Yes, I’m obsessive about Webpage load speed. Only in the past year or so has Website speed become an SEO (Search Engine Optimization) factor however I’ve always spent an inordinate amount of time and energy trying to speed up my Website (as well as find ways to speed up all Websites I build for clients). Until a few short years back, besides using state of the art software and hardware (NGINX, Ubuntu Server, reverse HTTP proxies etc.) in addition to a CDN (Content Delivery Network) such as Amazon Web Services CloudFront, there really wasn’t any simple means of speeding up WordPress Websites.
How times have changed in a few short years! We now have super awesome services such as CloudFlare and the Google PageSpeed Service (PageSpeed service isn’t widely available yet but should be soon). CloudFlare is a freemium service and their free offering is probably much more than most Websites need. As for Google PageSpeed Service, pricing hasn’t been provided as yet and is being used free on an invite only basis at present (thanks Google for the invite you sent me ).
Just over two months ago I started using the PageSpeed service for three of my other Websites. Around the same time I started using CloudFlare Pro (a paid-for service) for this Website, OrganicWeb.com.au. Here are my findings.
How the CloudFlare free plan can remain free is quite simply amazing. The benefits, from free use of a leading CDN, free high-performance DNS hosting to security and more is awesome. The majority of users won’t need to upgrade to the Pro plan which has a monthly cost and offers further performance and security enhancements.
I used the Pro plan for a couple of months but I actually moved my Website from CloudFlare to PageSpeed a few weeks back as there were problems when people were leaving comments on Posts (I use the JetPack Plugin to manage commenting). I believe that Blog commenting is important and no matter what configuration I did, I just couldn’t correct the commenting problem when on CloudFlare so moved to PageSpeed (and the commenting problem no longer seems to occur). In fairness to CloudFlare I believe that the problem may well have been with the JetPack Plugin.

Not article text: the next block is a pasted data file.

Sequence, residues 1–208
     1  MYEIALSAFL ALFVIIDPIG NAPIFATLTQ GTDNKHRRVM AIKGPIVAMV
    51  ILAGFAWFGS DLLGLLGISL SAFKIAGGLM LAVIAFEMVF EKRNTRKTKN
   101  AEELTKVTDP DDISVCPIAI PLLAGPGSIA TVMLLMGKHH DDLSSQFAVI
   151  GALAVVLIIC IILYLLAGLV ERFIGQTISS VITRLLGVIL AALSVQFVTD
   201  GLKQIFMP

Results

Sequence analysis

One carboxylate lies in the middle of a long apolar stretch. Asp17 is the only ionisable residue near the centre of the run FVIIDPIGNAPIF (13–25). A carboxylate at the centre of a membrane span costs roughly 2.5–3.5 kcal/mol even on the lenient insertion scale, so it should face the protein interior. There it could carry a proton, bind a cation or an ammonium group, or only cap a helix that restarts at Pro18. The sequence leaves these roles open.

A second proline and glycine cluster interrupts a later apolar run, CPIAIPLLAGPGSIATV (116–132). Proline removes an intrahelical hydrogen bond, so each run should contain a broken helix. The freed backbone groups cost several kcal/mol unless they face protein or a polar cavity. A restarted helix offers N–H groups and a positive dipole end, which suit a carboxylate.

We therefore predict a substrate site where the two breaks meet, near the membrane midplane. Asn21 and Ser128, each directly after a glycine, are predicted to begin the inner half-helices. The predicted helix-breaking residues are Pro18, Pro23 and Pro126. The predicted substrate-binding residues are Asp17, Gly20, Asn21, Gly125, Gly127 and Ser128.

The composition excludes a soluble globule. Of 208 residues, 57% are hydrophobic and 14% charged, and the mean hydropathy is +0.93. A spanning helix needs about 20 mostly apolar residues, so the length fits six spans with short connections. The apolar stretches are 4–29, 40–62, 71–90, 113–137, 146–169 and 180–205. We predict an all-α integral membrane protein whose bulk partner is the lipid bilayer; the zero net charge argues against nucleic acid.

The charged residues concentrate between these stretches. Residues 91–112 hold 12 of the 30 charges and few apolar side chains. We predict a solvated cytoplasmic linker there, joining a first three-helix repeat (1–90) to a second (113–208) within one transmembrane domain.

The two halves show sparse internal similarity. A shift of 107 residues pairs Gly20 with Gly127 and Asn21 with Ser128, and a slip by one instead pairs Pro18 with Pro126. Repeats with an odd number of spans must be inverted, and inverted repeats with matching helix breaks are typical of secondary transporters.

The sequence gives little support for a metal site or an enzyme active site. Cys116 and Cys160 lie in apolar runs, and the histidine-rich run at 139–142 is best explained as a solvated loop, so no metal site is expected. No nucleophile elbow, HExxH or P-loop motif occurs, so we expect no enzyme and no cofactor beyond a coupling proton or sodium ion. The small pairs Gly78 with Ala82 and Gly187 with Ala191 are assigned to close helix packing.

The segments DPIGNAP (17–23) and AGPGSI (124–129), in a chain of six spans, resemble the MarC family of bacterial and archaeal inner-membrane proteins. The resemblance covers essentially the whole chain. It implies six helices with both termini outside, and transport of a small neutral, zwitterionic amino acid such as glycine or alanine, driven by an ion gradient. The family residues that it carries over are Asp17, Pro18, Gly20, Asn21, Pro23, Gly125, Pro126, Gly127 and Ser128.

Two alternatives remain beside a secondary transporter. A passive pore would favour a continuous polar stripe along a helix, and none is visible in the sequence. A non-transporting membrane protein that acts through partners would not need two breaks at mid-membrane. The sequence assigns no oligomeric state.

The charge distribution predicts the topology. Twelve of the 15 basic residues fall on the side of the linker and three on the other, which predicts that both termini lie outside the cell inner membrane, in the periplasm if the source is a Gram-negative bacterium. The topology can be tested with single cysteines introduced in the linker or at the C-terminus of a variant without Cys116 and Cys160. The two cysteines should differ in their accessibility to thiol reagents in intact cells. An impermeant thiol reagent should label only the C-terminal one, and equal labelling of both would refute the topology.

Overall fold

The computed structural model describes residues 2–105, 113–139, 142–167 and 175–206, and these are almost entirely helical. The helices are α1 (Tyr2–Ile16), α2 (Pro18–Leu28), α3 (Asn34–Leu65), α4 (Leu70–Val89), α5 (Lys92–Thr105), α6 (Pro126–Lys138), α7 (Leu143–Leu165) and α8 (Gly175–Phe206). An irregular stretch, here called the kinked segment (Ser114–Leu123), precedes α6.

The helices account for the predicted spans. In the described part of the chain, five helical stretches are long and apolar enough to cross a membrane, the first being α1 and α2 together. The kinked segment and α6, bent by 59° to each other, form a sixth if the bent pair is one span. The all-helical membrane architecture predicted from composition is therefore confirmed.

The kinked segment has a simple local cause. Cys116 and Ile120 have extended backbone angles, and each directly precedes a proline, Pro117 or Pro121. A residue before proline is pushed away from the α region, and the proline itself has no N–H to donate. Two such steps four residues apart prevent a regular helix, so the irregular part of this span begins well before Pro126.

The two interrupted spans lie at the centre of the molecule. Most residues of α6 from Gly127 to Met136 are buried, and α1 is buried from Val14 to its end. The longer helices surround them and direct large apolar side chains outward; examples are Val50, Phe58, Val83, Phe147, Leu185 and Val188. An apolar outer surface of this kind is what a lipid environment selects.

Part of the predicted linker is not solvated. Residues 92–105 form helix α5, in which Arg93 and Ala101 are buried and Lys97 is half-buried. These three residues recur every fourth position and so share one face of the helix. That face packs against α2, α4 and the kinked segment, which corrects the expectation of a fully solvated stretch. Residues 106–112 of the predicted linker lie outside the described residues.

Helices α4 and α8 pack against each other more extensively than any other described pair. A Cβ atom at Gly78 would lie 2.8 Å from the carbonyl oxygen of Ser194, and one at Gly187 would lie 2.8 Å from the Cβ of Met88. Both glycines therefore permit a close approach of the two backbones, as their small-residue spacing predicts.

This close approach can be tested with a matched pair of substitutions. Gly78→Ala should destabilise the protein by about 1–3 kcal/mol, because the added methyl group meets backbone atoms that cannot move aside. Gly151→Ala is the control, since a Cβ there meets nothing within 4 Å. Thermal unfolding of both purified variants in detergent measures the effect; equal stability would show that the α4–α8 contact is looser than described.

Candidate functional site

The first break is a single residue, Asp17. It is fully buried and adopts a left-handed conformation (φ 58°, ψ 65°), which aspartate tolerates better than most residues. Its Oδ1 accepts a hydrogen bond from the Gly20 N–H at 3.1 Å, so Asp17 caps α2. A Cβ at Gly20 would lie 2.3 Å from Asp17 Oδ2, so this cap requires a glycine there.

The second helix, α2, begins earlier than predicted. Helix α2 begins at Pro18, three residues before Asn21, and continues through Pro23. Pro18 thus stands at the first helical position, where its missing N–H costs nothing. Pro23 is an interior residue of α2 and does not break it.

Just because my WordPress Site had problems on CloudFlare doesn’t mean that yours will. In fact, I recommend CloudFlare over PageSpeed for users that want a very simple to setup service that works well. CloudFlare have done a great job in making the setup super simple; just install and activate the WordPress CloudFlare Plugin, add necessary data to CloudFlare and your WordPress Site will be secured and delivered by CloudFlare in just a few minutes.
The Google PageSpeed Service may be a bit too technical for those wanting something very simple to setup. Whilst CloudFlare provides top-class and very fast DNS hosting, Google PageSpeed doesn’t provide this. I prefer having a separate DNS hosting provider and use AWS Route 53 so PageSpeed is preferable for me.
The biggest selling point for most people however will likely be the security provided by CloudFlare. I’m really not sure if PageSpeed provides any security and whether the security provided by CloudFlare is any good. Security is often a perception and CloudFlare beats PageSpeed completely where the perception of security matters.
My advise for most people is to use CloudFlare. For more advanced users, and those that are confident managing their own security, the Google PageSpeed Service is the way to go.